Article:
A Three-Frequency Dynamic Factor Model for Nowcasting Canadian Provincial GDP Growth
Calista Cheung () and
Discussion Papers from Bank of Canada
This paper estimates a three-frequency dynamic factor model for nowcasting Canadian provincial gross domestic product (GDP). Canadian provincial GDP is released by Statistics Canada on an annual basis only, with a significant lag (11 months). This necessitates a mixed-frequency approach that can process timely monthly data, the quarterly national accounts and the annual target variable. The model is estimated on a wide set of provincial, national and international data. We assess the extent to which these indicators can be used to nowcast annual provincial GDP in a pseudo real-time setting and construct indicators of unobserved monthly GDP for each province that can be used to assess the state of regional economies. The monthly activity indicators fit the data well in-sample, are able to track business-cycle turning points across the provinces, and showcase the significant regional heterogeneity that characterizes a large diverse country like Canada. They also provide more timely indications of business-cycle turning points and are able to pick up shorter periods of economic contraction that would not be observed in the annual average. In a pseudo real-time exercise, we find the model outperforms simple benchmarks and is competitive with more sophisticated mixedfrequency approaches such as MIDAS models.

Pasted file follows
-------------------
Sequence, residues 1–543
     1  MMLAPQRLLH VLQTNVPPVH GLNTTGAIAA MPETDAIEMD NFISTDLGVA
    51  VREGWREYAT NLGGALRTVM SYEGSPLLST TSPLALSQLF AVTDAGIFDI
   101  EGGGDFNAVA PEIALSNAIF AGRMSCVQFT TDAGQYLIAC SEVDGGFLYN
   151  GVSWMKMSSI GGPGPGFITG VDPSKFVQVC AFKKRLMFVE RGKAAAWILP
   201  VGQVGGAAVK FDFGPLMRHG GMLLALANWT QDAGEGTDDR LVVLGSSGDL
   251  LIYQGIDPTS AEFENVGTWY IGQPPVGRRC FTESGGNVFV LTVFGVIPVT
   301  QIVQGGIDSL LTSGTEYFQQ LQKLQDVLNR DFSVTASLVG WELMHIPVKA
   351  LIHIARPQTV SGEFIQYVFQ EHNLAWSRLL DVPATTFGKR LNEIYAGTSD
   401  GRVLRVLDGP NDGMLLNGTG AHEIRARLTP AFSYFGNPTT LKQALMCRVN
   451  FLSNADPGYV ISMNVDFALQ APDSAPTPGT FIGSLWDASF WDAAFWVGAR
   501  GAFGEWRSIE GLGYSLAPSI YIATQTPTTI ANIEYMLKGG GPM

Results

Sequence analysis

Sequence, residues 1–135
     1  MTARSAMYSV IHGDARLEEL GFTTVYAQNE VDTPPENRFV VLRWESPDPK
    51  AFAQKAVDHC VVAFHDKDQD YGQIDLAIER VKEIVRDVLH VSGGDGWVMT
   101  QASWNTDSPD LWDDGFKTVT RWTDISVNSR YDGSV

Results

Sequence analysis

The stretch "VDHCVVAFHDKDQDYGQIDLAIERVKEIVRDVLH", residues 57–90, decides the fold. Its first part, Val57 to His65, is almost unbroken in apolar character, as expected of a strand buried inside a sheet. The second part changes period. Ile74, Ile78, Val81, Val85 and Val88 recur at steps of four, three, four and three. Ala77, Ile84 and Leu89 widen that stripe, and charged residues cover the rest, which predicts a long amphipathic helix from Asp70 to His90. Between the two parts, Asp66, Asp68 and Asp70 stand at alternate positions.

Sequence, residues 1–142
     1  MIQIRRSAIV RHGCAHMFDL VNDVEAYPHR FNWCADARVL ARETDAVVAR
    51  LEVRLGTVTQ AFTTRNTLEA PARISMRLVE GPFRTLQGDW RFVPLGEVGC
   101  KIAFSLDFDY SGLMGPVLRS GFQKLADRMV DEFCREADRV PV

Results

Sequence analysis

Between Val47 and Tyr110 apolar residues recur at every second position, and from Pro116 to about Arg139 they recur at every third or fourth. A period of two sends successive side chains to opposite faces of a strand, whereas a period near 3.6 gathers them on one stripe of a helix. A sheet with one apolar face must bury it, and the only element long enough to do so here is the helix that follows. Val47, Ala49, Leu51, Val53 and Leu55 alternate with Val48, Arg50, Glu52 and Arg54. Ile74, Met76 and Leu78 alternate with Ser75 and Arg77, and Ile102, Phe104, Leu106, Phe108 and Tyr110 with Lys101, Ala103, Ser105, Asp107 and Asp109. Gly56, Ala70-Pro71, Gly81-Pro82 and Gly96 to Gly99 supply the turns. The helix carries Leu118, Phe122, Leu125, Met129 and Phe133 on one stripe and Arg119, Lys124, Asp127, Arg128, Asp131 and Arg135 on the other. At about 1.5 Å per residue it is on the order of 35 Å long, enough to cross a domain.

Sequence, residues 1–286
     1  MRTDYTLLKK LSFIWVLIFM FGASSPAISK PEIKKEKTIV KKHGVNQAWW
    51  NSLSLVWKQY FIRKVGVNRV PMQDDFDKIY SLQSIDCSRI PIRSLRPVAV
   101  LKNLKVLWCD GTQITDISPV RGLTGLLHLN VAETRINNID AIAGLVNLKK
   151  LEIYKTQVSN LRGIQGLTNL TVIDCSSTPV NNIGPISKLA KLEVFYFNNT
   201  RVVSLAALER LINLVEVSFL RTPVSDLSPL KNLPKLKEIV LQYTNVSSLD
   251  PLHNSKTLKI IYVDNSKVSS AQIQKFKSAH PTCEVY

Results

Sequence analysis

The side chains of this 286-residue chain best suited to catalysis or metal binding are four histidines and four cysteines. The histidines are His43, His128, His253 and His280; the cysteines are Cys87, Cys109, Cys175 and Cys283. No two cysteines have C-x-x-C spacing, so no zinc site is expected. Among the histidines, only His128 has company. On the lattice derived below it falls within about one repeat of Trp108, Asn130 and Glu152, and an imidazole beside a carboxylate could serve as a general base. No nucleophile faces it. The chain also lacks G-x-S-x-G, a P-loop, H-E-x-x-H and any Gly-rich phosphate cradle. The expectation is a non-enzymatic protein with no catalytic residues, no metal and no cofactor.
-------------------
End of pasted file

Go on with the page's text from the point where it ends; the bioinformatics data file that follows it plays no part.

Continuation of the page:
Keywords: Business fluctuations and cycles; Econometric and statistical methods; Regional economic developments (search for similar items in EconPapers)
JEL-codes: C53 E32 E37 R11 (search for similar items in EconPapers)
New Economics Papers: this item is included in nep-mac
References: View references in EconPapers View complete reference list from CitEc
Citations: View citations in EconPapers (4) Track citations by RSS feed
Downloads: (external link)
This item may be available elsewhere in EconPapers: Search for items with the same title.
Export reference: BibTeX
RIS (EndNote, ProCite, RefMan)
Persistent link: https://EconPapers.repec.org/RePEc:bca:bocadp:17-8
Access Statistics for this paper
More papers in Discussion Papers from Bank of Canada 234 Wellington Street, Ottawa, Ontario, K1A 0G9, Canada. Contact information at EDIRC.
Bibliographic data for series maintained by ().